The African jacana seems to walk over the water and is therefore sometimes jokingly called the ‘Jesus bird’. In fact they are placing their long toes on the stems and leaves of floating vegetation. Jacanas are very special in that they are polyandrous, which means that one female has several male partners who take care of the chicks.Photo taken in Dinokeng Game Reserve.
A little pearl-spotted owlet gazing down at me from its perch on a wire. It was a magical day, finding our first pearl-spotted owlet in the morning and then finding another one at a completely different place in the afternoon. I feel like we’ve unlocked this species now!Photo taken in Dinokeng Game Reserve.
I love jackals. They are slightly bigger than a fox, but they move in the same jumpy way. This one stood in the evening light, apprehensively checking us out.Photo taken in Dinokeng Game Reserve.
A beautiful southern red-billed hornbill in the evening sun. I believe this is a male, because the base of the beak is black.
A black and white portrait of a giraffe that was checking us out. Giraffes are quite curious animals. If they see something strange – like a car, but I’ve also seen them do this with lions – they will watch it intently before ambling away.
Photo taken in Dinokeng Game Reserve
A fluffy young nyala in Dinokeng Game Reserve. Such a cute face!
Yesterday we found not one but two of these lovely little owls in Dinokeng Game Reserve near Pretoria, South Africa. They hunt during the day from a perch, like this dead tree. A very special thing is that they have eyes in the back of their head, or at least spots that look like eyes as well!
“I see a stream with slow moving sections and patches of turbulence. I can sense it is drawn towards something bigger than itself – the lake sitting miles from its origin. I notice the water doesn’t question where it’s going – it just keeps moving.
“I look at the rocks under the strong current and observe that they are still and solid. They remain secure enough not to lose their grounded and nurturing attachment to the earth while being incessantly thrust upon. I suspect they trust in their purpose to slow down the speed of the water.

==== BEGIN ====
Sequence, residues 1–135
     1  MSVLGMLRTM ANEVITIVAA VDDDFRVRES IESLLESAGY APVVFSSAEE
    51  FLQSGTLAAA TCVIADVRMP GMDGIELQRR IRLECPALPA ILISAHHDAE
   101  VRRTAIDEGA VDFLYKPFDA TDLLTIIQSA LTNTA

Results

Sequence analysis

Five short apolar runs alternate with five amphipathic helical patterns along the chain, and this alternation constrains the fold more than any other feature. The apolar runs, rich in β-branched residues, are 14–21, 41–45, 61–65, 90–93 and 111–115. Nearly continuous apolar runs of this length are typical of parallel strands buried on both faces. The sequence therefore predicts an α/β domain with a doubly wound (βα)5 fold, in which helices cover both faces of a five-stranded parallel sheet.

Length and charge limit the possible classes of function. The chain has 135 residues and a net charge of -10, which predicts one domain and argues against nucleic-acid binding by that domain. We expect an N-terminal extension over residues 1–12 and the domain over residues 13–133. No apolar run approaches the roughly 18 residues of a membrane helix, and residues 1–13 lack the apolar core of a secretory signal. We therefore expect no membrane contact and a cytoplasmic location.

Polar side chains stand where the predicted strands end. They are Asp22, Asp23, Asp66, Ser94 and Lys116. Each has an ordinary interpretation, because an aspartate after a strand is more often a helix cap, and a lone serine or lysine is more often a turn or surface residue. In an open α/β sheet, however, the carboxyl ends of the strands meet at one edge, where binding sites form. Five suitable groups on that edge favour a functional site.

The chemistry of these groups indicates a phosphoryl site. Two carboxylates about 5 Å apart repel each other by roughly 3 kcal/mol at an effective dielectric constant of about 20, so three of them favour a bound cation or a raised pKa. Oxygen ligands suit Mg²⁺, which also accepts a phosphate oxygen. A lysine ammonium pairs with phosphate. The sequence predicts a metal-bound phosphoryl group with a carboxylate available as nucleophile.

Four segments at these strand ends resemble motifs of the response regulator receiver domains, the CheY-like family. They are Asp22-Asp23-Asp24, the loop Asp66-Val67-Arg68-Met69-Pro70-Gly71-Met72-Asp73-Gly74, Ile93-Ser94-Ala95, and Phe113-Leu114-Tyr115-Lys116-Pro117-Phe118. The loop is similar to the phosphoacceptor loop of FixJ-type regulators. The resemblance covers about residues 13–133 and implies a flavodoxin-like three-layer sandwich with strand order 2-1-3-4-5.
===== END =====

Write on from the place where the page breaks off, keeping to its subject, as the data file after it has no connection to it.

“Occasionally, I watch a leaf fall from its source. It lands in the stream and begins its way to the chaotic water. I ask myself if the leaf was clumsy and lost its true nature or if it was forced there by the winds because it was too stubborn to let go. No matter. It doesn’t fight the inevitable or swim like mad to return where it came from. The leaf surrenders to the short lived patterns of being spun around, dunked, and flipped over, knowing she will make her way to a new stretch of calm water.
“I take a deep breath by this stream and tell myself that it’s time for more faith when my waters are turbulent, for more trust, and a stronger sense that I am moving where I need to go – a place I can’t see yet, but know is there.”
– Carol Cooley
(Photo taken in Wilderness, South Africa)
It had rained all night on this day in January 2020. We even got up a little later to give the clouds a chance to clear up. It was still raining as we got into the park and we didn’t really expect any great sightings – we expected the wildlife to be hiding well under the green bushes.
It was therefore a huge surprise when we encountered a pride of lions in an open area, just finishing off their catch of a zebra. The males already had had enough and were lounging on the grass. One by one, the females also walked off from the carcass to lie down. After spending an hour with these magnificent animals, they leisurely ambled off and out of sight.
This is a compilation of some video material I took on this sighting.